When we also remember what’s good, ironically, we’re being more realistic than the person who stays in the bad. And I’ve been there.
#2: Remind yourself of the truth.
The world existed before this thing. It will exist after it.
I know what it’s like to assume that something will always be there–a person, a community, an aspect of my health, an opportunity. And, when it’s taken away, the world seems to teeter. Trust me when I say that the world was there before it, and it will trot along after it. And you have everything you need to not just get through this, but actually thrive.
I mean that, absolutely.
It’s time to start telling yourself these things: “I am resilient. I have everything I need to figure this out. I am becoming the type of person that just thrives, no matter what. I am a problem-solver. I come up with great ideas all the time.” Seriously. Say it aloud. Do it. Or not. You know. You might be somewhere that you can’t say it aloud. It’s cool.
#3: Appreciate that everything is fragile.
When the news dropped about Tiktok, I couldn’t help but think about social media as a whole. If tomorrow it was discovered that Facebook, Instagram and YouTube were all actually being operated by a foreign government, and that we were being nefariously spied upon (whether there is any other kind of spying, I don’t know), and they got shut down, how many influencers, models and internet-made personalities would essentially disappear?
This is a great wake up call to one-app, or even internet-only creators. If your present body of work would disappear if a single app were to go down, it is definitely time to examine other mediums and other modes of communication.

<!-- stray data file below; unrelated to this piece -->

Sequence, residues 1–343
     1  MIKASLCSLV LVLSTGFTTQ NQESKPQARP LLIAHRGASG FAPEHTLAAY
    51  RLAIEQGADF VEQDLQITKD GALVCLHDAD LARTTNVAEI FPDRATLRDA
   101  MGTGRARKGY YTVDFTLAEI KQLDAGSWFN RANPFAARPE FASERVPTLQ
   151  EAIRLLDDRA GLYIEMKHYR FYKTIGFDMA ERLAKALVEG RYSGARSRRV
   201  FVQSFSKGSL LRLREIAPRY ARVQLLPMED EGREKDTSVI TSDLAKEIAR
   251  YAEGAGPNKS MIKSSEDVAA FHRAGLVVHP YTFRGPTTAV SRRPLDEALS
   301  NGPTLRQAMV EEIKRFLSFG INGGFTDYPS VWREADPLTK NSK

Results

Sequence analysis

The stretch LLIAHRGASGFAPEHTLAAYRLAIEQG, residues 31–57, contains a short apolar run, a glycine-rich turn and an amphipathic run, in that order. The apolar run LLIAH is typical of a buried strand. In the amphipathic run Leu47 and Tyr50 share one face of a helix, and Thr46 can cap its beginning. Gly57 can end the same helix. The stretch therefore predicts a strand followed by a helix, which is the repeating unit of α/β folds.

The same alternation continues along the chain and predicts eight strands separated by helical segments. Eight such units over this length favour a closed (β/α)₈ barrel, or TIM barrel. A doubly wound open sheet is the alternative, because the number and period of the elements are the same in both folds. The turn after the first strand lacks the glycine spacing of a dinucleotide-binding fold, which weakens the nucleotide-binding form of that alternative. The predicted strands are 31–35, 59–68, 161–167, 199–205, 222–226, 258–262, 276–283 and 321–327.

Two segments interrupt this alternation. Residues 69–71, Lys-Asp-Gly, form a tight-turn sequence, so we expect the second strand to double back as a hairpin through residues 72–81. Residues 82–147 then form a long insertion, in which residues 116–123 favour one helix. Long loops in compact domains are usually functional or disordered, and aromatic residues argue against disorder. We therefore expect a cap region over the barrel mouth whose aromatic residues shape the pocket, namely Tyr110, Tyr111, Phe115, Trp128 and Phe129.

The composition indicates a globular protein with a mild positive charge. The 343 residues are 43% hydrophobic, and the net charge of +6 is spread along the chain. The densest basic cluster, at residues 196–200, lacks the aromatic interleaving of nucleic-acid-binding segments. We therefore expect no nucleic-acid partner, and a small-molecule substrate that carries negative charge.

In a more general sense, when you realize that so many things can be taken away, you appreciate them more while also leaning on them less. They return to being gifts and blessings, as opposed to things we take for granted. Death makes us appreciate life. The possibility of something being taken away, makes us appreciate it more, as long as it’s with us. If you can learn to do this, before things are actually taken away, you will live a charmed existence.
#4: Think of it as making room.
A friend becomes an acquaintance. A child moves away. A tree you grew up with, gets cut down unexpectedly (I can’t be the only one).
The fact is, life is bittersweet. As we age, we get better at making choices but the window of opportunity narrows. When we’re young, we have all of the potential in the world, but none of the wisdom. We start building our own adult lives, but now we don’t see the people that made us who we are as often.
And, some days, life is more bitter than sweet. The trick is to not let the bitterness overtake the sweetness permanently.
One way I do this, is to remind myself that everything I seem to lose, is actually making room for something else. In many cases, it’s something better. Sure, I didn’t do well on one audition; but it might be opening me up for an opportunity I couldn’t have foreseen (this has happened). Yeah, that trip fell through; but now I have a ticket to anywhere in Europe, I just need to figure out where to go! I moved right when COVID hit, so I haven’t made any friends out here and spent weeks in a depression; but, you know what–I made a lot of progress on some projects that were really important to me!